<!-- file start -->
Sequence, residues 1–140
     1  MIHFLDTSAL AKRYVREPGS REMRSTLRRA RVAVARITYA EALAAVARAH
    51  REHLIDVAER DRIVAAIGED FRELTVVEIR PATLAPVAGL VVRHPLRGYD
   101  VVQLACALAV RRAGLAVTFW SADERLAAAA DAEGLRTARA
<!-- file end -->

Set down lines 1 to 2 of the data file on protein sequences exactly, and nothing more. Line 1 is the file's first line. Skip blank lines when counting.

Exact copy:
Sequence, residues 1–140
     1  MIHFLDTSAL AKRYVREPGS REMRSTLRRA RVAVARITYA EALAAVARAH